So, if you commit to “Dune” (2021), prepare to watch it twice.  I’m sure diehard fans and brand new ones will pledge to see it many more times, but at least one viewing with subtitles is required.

“Dune: Part Two” is also required.  Looking at the entire story, yes, Villeneuve landed on an appropriate spot to end Part One, but it’s still an unsatisfying and underwhelming one.

Duncan Idaho (Jason Momoa)

Unfortunately, with much need for exposition, “Dune” feels like a bureaucratic exercise or an experiment.  Except for Jason Momoa’s Duncan Idaho, the entire film is devoid of any humor.  Sure, that’s not the point with “Dune”, but the movie failed to trigger – at least from my perspective – any emotions (that weren’t special effects-driven), save for one first-act scene when Lady Jessica actively displays her alarm over Paul’s safety.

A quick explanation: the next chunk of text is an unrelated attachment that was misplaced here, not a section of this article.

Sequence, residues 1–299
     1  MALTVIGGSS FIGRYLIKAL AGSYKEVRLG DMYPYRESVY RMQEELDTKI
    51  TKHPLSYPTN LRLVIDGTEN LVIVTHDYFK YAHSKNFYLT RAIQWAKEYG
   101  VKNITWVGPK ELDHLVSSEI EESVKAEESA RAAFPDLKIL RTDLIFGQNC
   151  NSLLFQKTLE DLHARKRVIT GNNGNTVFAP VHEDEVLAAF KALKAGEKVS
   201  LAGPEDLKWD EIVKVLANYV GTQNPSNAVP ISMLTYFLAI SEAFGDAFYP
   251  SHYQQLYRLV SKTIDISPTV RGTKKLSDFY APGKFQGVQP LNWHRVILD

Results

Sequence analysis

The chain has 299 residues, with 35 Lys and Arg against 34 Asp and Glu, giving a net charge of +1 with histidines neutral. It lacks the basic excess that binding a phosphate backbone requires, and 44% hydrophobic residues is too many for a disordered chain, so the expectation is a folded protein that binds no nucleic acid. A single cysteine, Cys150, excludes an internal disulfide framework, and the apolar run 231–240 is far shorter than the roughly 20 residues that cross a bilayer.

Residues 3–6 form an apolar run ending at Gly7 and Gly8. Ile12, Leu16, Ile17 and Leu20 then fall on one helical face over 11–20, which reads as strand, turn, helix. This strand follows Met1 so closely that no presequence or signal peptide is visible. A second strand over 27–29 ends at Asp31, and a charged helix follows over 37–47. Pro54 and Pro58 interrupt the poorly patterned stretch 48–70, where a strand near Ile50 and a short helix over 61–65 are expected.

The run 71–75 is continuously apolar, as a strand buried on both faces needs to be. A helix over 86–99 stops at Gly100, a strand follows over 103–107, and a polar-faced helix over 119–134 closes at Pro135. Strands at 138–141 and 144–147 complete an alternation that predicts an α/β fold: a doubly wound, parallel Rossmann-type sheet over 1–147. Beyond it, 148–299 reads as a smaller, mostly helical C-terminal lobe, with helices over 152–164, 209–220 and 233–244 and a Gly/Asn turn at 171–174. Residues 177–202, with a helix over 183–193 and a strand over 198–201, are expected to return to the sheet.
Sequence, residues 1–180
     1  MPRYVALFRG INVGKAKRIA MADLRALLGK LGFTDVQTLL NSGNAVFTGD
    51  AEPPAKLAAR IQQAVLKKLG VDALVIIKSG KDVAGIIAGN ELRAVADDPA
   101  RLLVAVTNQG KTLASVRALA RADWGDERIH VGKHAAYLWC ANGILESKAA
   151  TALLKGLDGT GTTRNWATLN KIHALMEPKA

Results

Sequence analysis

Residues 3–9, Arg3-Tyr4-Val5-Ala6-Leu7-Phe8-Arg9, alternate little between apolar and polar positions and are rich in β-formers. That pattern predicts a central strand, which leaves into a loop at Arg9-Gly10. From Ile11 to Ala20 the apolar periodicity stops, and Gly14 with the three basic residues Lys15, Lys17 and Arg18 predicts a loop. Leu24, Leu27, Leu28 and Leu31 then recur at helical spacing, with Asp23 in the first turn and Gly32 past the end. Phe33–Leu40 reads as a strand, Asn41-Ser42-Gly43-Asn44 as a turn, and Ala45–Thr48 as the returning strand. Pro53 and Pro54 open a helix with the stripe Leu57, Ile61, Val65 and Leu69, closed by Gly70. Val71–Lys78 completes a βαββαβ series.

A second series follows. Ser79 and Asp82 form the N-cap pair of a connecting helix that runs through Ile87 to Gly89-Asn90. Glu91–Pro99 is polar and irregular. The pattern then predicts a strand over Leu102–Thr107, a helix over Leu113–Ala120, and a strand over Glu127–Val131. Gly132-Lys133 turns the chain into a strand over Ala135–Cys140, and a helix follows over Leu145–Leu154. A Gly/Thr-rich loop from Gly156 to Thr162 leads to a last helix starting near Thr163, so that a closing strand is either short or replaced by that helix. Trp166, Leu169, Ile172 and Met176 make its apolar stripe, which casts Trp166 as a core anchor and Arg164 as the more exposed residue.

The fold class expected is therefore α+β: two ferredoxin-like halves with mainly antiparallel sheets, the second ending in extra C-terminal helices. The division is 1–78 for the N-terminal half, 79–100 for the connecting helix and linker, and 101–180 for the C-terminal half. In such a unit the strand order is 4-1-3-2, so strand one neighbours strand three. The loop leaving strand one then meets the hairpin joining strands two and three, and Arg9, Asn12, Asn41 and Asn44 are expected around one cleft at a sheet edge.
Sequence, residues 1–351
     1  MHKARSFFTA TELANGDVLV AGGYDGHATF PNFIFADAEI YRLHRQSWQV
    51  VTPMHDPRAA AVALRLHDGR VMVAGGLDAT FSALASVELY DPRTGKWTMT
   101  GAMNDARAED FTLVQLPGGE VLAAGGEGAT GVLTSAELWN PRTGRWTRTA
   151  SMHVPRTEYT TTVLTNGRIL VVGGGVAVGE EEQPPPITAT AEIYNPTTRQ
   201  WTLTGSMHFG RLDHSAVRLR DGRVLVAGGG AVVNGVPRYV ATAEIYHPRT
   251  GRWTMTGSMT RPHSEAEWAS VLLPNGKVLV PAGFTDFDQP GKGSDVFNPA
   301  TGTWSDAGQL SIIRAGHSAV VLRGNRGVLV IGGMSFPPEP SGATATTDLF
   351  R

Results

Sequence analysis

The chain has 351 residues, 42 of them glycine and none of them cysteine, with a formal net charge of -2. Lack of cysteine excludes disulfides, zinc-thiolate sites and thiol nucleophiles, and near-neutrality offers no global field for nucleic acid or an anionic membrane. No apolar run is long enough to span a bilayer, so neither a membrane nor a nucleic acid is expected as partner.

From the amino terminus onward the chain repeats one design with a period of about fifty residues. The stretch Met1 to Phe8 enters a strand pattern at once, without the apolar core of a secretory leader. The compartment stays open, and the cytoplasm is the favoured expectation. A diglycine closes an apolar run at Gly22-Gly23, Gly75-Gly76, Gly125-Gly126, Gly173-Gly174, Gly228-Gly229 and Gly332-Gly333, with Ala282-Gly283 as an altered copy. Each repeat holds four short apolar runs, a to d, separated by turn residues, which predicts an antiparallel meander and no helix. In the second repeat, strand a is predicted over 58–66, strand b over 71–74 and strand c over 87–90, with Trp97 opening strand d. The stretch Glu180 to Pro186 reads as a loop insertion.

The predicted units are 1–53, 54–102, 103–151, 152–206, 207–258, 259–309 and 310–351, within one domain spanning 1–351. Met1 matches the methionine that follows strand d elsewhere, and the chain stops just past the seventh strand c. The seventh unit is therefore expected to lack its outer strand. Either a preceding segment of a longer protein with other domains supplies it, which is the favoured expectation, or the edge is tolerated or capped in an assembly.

An all-star cast, including Isaac, Ferguson, Skarsgard, Momoa, Javier Bardem, Josh Brolin, Charlotte Rampling, David Dastmalchian, and Dave Bautista amply offer their capable services, and it’s pleasing to see so many admirable actors in this colossal project.  Chalamet is a fine casting choice as Paul.  Early in the first act, he’s briefly seen without his shirt, which will appease his adoring fans, but his slim appearance highlights Paul’s underdog vulnerability.

The 1984 film attracted considerable talent too.  That’s a tribute to the directors and the source material.  Herbert’s book was published in the mid-60s, so the man deserves heaping praise for his out-of-this-world vision.

Still, while watching “Dune” (2021), some random questions appear.